Outside my place of work there sits a hot dog vendor. She is Polish, has a masters degree in literature and speaks four languages. I talked with her many times about many things.

"What is your favorite book?" she asks me today.

It's an impossible question. My answer changes everytime I answer it, depending on my mood and what's on my mind.

"I don't know," I say, "but 'One Day in the Life' is definitely near the top."

"It's too short for a favorite book," she says.

"I like short books," is my response, "because they're accessible. I think critics just like long books because they feel proud of having read them."

"Very sad about Solzhenitsyn," she says.

"About the Gulag?" I ask stupidly.

She gives me a look that lets me know I'm toeing the line of publicly acceptable speech by even naming the place. "Гулаг," she corrects me.

"Goo-agh?" I say.

"Close enough. And no, I meant about him going insane."

I just nod. I didn't know he had.

"You read so many books from Eastern Europe," she says. We've talked many times before about Dostoyevsky and Stanislaw Lem. "Don't you like any books written in your own language?"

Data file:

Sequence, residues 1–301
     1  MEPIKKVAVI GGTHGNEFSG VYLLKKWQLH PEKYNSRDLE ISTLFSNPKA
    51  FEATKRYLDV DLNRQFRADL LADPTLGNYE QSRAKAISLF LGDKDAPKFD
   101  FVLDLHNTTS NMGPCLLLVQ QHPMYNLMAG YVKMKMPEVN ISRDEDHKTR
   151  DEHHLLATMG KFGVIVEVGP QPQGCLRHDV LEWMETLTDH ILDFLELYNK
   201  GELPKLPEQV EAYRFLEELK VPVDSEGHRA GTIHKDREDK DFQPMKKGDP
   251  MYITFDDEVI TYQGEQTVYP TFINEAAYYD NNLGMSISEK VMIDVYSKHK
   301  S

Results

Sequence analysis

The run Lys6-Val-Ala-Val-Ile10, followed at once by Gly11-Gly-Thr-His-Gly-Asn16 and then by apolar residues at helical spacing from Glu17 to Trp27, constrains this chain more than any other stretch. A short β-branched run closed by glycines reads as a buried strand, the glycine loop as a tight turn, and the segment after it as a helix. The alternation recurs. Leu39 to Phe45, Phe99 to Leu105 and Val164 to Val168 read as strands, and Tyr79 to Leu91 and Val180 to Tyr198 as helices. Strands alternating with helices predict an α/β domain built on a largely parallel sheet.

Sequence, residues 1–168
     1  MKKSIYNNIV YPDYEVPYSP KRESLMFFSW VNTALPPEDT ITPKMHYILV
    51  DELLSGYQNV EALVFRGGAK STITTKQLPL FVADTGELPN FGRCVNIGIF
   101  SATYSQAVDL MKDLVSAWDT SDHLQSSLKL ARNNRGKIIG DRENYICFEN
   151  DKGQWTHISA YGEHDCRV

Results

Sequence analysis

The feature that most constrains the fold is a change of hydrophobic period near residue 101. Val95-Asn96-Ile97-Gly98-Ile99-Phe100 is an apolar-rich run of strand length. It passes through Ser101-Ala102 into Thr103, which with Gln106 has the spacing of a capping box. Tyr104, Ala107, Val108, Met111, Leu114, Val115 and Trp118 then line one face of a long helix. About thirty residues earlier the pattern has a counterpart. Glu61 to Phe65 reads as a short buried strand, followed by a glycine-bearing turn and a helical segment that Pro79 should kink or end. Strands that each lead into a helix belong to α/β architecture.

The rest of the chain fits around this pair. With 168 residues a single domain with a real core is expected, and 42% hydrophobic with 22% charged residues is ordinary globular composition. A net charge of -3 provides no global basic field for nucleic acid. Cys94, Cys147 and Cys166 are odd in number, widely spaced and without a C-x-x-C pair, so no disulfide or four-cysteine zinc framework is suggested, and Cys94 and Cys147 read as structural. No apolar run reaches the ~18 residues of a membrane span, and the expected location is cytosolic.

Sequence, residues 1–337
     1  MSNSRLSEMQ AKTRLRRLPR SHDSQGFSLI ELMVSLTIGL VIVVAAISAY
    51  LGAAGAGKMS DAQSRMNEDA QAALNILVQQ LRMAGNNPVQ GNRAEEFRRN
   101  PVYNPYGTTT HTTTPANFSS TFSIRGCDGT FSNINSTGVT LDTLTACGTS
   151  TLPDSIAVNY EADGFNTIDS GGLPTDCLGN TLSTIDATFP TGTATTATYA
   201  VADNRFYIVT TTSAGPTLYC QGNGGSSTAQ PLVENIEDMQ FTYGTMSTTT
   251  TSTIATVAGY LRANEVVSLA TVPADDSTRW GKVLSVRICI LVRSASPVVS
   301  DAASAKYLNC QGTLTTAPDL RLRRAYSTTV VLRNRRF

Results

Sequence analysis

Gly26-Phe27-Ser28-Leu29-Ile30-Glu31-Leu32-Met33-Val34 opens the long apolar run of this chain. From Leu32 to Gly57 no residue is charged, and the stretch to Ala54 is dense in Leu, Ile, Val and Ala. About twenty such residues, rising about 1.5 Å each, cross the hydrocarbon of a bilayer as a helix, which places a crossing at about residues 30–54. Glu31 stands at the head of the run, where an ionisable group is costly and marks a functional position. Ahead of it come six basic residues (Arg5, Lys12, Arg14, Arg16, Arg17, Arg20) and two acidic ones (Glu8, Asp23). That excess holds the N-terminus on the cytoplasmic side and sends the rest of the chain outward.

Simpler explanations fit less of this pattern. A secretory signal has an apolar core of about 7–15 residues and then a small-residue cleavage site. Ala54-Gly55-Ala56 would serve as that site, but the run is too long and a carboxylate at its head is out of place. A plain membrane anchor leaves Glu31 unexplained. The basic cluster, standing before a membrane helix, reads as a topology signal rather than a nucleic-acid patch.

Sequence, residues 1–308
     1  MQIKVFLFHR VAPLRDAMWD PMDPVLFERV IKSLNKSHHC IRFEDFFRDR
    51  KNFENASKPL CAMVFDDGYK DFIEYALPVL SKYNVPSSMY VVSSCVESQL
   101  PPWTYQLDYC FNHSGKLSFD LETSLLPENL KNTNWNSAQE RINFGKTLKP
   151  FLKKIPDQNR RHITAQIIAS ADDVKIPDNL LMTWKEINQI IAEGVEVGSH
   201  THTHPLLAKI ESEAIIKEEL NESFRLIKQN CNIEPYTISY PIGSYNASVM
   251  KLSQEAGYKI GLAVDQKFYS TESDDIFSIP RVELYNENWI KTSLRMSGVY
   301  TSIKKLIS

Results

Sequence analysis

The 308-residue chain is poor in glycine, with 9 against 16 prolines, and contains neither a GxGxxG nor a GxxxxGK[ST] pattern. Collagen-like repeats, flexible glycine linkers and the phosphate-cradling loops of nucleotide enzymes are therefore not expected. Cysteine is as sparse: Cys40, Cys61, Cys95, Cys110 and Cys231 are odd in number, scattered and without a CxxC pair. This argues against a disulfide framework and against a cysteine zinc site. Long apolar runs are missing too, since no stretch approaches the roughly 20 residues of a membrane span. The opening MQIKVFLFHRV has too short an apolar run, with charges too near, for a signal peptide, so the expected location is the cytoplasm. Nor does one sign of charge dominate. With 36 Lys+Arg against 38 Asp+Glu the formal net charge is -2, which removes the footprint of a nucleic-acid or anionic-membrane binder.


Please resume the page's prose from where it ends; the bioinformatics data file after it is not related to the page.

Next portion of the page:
"Sure," I say, "Salinger," (knowing she's a fan), "Joseph Heller..."

She grimaces when I say Heller's name.

"You don't like Heller?" I ask.

"No, 'Catch 22' is a fine book, very literate," (I don't know if she means "literary" or if it's a sly insult), "but I don't know why everyone reads war books by Americans. What do they know about the war?"

"Ok," I acknowledge, "what is a good Polish war story?"

"You must read 'Ashes and Diamonds' by Andrzejewski. It is a classic. And it tells the truth, the real war. Also, there is a very excellent novella, very new. (She says the title in Polish). But I do not think there is yet an English translation."

"You should do a translation," I joke, "you could bring it here with you and work on it during the lulls."

"No," she says flatly, "I can not because I do not speak English."

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